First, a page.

Who Needs “Love?”
George Martin tries to repackage the Beatles, again
It has been a debate over many years, who needed who more; George Martin or the Beatles? Certainly Martin benefited from having the world's most famous band as his client, yet the one and only time the Beatles asked someone else to produce their album, they ended with the less-than-stellar Let It Be.
Outside of the Beatles, Martin's work is relatively unknown, so it's not surprising that he is often tempted to tinker with his most popular clients' songs. With a little help from his son, Martin now offers us Love, promising us "the Beatles as you never heard them." Well, yes and no.
I admit that I have not heard the entire CD, so perhaps my assessment is a little unfair, but I really didn't want to shell out another $15.00 for a bunch of songs I already had. What makes it even harder to review is there are no sound samples at Amazon.com or Barnes & Noble (bn.com), and let's not even talk about iTunes. The way I ended up hearing Love was going to a Borders bookstore and listening to samples once I scanned the CD. Some may argue this is not best way to review a CD, but what I heard on those samples was enough for me.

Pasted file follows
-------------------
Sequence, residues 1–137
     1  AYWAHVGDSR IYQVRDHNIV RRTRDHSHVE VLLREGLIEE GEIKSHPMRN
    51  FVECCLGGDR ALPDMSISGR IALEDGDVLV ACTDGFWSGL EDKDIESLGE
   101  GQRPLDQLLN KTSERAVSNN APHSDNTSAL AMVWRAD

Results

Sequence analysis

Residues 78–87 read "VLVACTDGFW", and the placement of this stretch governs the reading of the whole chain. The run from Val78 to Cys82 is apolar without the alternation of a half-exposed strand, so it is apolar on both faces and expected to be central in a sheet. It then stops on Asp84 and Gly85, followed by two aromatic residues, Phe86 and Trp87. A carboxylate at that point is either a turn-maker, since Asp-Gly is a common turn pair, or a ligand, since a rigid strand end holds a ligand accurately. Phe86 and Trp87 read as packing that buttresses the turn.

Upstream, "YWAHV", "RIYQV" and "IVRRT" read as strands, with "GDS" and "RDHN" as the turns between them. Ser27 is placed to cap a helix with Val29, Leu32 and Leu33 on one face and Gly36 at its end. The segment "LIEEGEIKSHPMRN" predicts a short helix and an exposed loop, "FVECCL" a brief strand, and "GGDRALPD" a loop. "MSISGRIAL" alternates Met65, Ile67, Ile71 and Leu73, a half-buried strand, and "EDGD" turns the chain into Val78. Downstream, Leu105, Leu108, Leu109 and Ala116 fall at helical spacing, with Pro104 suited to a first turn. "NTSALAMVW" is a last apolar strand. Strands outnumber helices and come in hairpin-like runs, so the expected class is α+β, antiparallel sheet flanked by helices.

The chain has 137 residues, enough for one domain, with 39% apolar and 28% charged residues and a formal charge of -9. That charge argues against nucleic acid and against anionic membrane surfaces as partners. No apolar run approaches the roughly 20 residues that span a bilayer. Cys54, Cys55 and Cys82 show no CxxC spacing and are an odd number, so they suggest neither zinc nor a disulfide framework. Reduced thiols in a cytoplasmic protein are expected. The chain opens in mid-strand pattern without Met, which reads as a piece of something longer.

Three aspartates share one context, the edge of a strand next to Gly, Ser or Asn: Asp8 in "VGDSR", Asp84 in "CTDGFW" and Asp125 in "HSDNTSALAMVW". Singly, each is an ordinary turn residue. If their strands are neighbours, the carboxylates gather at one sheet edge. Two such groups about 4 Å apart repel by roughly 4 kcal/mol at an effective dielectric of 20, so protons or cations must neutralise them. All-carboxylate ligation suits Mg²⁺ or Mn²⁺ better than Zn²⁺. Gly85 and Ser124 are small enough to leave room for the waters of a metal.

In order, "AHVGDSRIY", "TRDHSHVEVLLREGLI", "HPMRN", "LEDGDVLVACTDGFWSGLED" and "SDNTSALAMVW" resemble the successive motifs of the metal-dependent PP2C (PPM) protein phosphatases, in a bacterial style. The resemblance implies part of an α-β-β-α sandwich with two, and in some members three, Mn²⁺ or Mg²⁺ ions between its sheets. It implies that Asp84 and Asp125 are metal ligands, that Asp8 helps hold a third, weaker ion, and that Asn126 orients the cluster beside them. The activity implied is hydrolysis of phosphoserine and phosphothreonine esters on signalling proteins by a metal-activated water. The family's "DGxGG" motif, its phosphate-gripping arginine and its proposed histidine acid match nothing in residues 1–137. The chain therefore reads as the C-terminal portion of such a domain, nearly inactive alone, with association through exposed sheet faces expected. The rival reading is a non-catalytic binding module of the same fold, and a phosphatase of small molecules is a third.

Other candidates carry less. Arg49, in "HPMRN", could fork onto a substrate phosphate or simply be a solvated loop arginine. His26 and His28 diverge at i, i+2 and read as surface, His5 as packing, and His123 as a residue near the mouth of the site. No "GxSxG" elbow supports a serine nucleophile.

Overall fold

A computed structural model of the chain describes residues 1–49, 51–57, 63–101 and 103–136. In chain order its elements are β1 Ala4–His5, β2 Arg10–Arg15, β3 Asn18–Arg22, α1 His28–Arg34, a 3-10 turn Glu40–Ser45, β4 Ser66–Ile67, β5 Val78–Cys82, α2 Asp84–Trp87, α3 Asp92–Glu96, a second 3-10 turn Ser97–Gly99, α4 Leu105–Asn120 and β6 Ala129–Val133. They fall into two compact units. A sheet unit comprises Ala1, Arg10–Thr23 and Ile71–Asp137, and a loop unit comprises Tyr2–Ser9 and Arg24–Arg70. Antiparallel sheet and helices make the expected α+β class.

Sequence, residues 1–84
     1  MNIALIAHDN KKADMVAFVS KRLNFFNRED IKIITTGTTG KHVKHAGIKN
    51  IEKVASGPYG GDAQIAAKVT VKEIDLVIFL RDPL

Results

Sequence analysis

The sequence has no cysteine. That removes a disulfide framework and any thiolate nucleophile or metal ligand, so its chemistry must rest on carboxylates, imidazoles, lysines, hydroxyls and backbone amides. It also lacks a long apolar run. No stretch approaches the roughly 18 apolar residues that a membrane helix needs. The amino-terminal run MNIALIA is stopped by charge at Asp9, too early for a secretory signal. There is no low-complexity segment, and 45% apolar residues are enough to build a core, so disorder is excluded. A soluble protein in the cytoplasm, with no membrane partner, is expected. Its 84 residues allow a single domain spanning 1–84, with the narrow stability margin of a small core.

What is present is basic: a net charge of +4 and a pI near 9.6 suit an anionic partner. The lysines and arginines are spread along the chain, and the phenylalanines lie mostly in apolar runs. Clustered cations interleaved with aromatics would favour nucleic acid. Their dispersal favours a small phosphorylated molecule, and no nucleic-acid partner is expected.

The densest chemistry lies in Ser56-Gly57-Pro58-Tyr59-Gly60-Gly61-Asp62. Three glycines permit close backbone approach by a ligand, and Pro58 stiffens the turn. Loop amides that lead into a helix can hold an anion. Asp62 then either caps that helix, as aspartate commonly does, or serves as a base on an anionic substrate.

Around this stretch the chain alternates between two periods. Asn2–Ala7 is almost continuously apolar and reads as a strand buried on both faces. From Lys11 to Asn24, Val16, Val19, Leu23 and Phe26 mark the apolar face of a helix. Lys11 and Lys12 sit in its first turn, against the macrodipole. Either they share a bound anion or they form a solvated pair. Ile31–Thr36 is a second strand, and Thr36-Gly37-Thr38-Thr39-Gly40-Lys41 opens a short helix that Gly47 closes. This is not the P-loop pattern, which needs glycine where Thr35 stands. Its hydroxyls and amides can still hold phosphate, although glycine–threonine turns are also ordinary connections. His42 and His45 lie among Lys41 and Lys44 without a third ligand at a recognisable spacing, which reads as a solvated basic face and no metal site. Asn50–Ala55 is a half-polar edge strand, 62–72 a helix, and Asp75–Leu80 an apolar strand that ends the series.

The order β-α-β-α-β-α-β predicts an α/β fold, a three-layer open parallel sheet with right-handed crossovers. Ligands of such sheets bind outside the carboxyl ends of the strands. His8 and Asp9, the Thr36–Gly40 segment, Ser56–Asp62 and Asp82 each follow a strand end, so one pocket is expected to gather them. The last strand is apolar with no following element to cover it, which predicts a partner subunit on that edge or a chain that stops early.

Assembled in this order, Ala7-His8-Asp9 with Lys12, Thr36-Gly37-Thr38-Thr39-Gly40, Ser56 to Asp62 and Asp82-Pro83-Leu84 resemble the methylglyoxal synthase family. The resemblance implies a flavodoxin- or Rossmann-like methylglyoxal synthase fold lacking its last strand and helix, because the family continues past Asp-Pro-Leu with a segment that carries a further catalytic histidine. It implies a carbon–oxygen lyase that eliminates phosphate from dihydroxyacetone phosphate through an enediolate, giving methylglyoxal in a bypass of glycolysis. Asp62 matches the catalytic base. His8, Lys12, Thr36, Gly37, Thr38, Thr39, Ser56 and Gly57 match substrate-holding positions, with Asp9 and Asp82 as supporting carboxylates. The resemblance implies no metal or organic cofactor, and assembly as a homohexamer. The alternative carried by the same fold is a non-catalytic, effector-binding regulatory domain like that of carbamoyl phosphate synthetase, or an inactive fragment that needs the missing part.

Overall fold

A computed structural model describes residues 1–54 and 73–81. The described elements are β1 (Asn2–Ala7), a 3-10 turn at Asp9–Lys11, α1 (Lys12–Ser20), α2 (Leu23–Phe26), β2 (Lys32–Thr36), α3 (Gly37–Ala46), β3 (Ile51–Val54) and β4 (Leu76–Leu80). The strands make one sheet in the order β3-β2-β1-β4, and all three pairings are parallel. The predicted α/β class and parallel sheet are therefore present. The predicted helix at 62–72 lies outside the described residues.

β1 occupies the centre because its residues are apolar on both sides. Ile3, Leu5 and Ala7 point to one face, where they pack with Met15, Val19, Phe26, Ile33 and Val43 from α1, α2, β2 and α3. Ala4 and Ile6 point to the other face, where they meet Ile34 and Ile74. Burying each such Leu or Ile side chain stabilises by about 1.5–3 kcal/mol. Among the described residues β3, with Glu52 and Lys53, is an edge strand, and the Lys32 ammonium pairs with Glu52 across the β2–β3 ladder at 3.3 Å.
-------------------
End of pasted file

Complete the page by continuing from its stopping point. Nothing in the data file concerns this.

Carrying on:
All you need to know about Love, is its origins; Cirque du Soleil founder Guy Laliberte originally approached George Harrison about possibly producing a show around the Beatles' music. Harrison gave his approval before he died, and that is where Love came from. Basically, Martin does "mash-ups," taking snippets of various Beatles' songs and adding them to others, with a few new sound effects. For example, the CD opens with the sounds of morning birds chirping and then the a capella voices of "Because." Another sample tosses in the meaty guitar hooks of "The End" into the beginning of "Get Back."
The real problem with Love is, I have heard the Beatles like this, on the infamous "Grey Album." Granted DJ Dangermouse mixed the Beatles with rapper Jay-Z, but the idea of sampling the Beatles' music and reworking it into a new sound has already been done.
Finally, Love sounds exactly like what it is, a soundtrack to a show created with sampling and re-editing a bunch of Beatles' songs. If you could see Cirque du Soleil or heck, even the Blue Man Group doing their routine to this music, then I guess it be a lot of fun. But as it stands alone, Love isn't really what most Beatles fans need.
1:29 pm ET ·
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